Some of the projects due for funding in the next four years are:
Light rail on the Gold Coast
The M1 in Queensland
The Tonkin Highway in WA
The Princes Highway in NSW
The Monash Freeway in Melbourne
Six road projects in Adelaide
Other projects include:
Melbourne Airport rail link
Melbourne to Brisbane inland rail
Airport in Western Sydney in 2026
Midland Highway upgrade
Pacific Highway upgrade
North Link WA
Asked why he was announcing spending plans now, Mr Morrison said the investment had been planned since the budget in April.
'We have been working through this over months and months, not in a panic or a crisis,' he said.
On Monday Mr Morrison announced a plan to spend $415million across six road projects in Adelaide by fast-tracking $328million and forking out $87million more.
He is expected to announce similar plans for projects in Queensland and Western Australia this week.
The plan will bring forward $1.8billion of federal funding to be spent this year and next.
Mr Morrison will discuss the fast-tracking plan in a speech on Wednesday night in which he will describe the Labor Party as a group of 'panic merchants'.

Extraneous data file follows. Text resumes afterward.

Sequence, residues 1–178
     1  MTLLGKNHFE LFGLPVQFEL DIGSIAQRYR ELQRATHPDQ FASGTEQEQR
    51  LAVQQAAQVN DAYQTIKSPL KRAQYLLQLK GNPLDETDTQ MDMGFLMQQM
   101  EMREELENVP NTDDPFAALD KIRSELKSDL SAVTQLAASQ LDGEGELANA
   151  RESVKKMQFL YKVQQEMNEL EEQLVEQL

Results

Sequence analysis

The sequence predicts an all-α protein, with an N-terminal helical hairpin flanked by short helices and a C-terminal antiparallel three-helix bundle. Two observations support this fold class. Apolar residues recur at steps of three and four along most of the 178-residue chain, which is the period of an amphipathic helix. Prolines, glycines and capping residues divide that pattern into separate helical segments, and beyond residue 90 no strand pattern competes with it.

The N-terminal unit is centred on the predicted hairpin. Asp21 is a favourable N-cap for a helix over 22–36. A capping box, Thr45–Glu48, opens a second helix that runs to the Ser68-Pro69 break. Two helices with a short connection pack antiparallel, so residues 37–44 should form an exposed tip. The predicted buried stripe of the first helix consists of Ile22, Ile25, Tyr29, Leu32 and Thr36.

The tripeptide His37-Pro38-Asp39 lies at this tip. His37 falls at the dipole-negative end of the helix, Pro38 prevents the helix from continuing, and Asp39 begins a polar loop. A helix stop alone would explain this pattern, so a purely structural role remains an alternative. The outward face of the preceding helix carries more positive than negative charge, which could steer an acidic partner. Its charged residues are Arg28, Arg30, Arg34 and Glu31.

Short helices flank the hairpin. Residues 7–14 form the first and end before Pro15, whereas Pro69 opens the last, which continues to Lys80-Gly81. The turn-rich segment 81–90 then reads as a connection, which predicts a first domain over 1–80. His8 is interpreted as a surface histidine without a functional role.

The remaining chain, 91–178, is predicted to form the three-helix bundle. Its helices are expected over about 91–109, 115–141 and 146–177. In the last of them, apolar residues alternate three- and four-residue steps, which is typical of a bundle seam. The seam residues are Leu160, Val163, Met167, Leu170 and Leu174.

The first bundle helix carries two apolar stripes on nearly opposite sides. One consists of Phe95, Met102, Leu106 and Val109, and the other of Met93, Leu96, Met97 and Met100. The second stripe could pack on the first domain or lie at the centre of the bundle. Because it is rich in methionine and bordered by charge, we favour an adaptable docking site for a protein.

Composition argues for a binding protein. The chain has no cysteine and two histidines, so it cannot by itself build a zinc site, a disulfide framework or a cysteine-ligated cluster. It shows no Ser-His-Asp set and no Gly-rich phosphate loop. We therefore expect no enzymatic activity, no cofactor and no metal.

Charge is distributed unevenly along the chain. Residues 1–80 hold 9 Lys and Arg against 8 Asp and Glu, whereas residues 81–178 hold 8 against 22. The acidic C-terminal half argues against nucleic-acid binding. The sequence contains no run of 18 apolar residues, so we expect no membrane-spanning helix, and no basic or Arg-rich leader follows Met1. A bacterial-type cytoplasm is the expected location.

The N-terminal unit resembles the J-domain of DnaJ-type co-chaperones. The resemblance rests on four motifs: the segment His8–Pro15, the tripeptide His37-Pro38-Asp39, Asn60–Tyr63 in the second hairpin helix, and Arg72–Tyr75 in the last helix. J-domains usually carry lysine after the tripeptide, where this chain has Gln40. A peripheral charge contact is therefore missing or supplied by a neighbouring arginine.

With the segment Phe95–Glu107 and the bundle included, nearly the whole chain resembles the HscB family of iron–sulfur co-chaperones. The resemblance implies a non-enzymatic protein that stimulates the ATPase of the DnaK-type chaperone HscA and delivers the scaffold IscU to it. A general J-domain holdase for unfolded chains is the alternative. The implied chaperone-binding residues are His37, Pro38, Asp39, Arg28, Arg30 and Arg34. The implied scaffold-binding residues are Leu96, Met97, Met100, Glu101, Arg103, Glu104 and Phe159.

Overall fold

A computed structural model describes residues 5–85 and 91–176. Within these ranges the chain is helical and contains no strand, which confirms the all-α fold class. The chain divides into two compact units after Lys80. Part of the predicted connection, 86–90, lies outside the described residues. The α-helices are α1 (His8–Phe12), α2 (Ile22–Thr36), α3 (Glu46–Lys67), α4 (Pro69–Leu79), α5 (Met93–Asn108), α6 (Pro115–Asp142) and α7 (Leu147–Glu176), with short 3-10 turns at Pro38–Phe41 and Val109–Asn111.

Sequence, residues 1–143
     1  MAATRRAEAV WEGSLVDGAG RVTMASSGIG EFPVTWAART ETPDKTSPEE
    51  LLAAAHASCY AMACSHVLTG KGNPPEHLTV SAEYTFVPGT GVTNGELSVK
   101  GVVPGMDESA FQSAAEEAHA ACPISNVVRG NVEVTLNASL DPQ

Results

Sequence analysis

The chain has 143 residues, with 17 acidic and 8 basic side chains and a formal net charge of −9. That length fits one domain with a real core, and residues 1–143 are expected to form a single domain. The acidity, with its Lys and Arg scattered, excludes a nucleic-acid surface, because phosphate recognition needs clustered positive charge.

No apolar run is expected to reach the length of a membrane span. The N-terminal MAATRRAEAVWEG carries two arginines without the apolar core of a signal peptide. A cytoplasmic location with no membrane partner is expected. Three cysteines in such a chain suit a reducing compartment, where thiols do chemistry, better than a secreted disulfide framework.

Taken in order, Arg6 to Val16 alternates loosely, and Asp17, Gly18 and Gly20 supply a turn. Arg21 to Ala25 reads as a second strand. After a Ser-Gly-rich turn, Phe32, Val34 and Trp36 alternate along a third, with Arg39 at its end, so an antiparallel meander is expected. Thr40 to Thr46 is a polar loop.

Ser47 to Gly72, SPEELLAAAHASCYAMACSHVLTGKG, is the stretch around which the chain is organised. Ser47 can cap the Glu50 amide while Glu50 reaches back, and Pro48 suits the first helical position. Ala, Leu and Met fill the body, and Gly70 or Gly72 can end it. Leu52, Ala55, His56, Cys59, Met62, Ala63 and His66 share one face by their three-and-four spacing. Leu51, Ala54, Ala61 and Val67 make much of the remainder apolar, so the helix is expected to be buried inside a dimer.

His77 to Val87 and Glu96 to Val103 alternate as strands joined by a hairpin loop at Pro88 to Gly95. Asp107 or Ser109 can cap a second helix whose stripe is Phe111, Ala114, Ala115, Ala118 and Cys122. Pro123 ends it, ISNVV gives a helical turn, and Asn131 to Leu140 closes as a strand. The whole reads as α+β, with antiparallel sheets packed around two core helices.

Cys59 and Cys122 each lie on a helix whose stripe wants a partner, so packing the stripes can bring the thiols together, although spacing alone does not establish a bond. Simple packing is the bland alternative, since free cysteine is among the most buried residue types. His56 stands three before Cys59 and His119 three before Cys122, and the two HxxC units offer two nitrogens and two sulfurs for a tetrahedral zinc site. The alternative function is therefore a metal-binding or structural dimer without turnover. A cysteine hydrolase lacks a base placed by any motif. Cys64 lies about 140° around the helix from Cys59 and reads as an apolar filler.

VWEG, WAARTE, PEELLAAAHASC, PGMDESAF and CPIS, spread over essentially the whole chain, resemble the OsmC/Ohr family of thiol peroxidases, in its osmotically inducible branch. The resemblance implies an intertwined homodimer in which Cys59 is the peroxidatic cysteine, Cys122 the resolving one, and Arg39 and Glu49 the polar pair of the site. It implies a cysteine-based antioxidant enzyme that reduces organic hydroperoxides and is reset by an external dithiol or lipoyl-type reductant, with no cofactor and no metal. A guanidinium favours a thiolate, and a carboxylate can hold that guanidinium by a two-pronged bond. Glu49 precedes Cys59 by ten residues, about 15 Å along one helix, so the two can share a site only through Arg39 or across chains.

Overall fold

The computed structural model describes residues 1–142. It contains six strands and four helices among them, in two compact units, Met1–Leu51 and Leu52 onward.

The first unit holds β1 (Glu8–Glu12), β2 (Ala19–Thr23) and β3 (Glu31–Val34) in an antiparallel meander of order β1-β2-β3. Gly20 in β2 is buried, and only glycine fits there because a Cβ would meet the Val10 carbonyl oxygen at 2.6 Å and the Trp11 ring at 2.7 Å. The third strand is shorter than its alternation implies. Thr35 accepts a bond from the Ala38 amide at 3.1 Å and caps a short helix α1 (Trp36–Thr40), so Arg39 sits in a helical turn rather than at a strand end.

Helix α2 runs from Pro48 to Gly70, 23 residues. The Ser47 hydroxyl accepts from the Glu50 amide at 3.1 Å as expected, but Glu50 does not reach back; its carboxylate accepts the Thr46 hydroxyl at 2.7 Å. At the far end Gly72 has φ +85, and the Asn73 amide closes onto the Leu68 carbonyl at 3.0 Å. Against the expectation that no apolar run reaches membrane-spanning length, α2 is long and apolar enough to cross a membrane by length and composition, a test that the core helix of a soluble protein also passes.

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In the speech at the Business Council Of Australia's annual dinner in Sydney, he is expected to say: 'This will support the economy in two ways - by accelerating construction activity and supporting jobs in the near term and by reaping longer run productivity gains sooner.'
The government has championed its infrastructure pipeline since the April federal budget but has faced criticism in recent months about the speed of its delivery.
Labor, big banks, economists and the Reserve Bank of Australia have called for the government to bring forward some of the planned projects to stimulate the economy.
But it has been protective of the slim budget surplus it expects to deliver this financial year.
Mr Morrison is expected to trumpet his successful economic management in the speech, contrasting it with what he says is Labor's instinct to panic and spend.
'A panicked reaction to contemporary challenges would amount to a serious misdiagnosis of our economic situation,' he is expected to say.
'A responsible and sensible government does not run the country as if it is constantly at DEFCON 1 the whole time, whether on the economy or any other issue.
'If Australians wanted to elect economic panic merchants, they would have voted Labor.'
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Mr Morrison sees the expected surplus as a significant achievement that is 'the product of difficult and disciplined choices over six successive coalition budgets', three of which he delivered as treasurer.
And the point of that surplus is to pay down the nation's debt and reduce the $19billion in annual interest paid.
'It's not extra money that just lies around, squirrelled away for no good purpose, or like coins down the back of the sofa,' he is expected to say.
A rope, tear gas and a fractured foot: How one Hong Kong protester escaped a besieged university .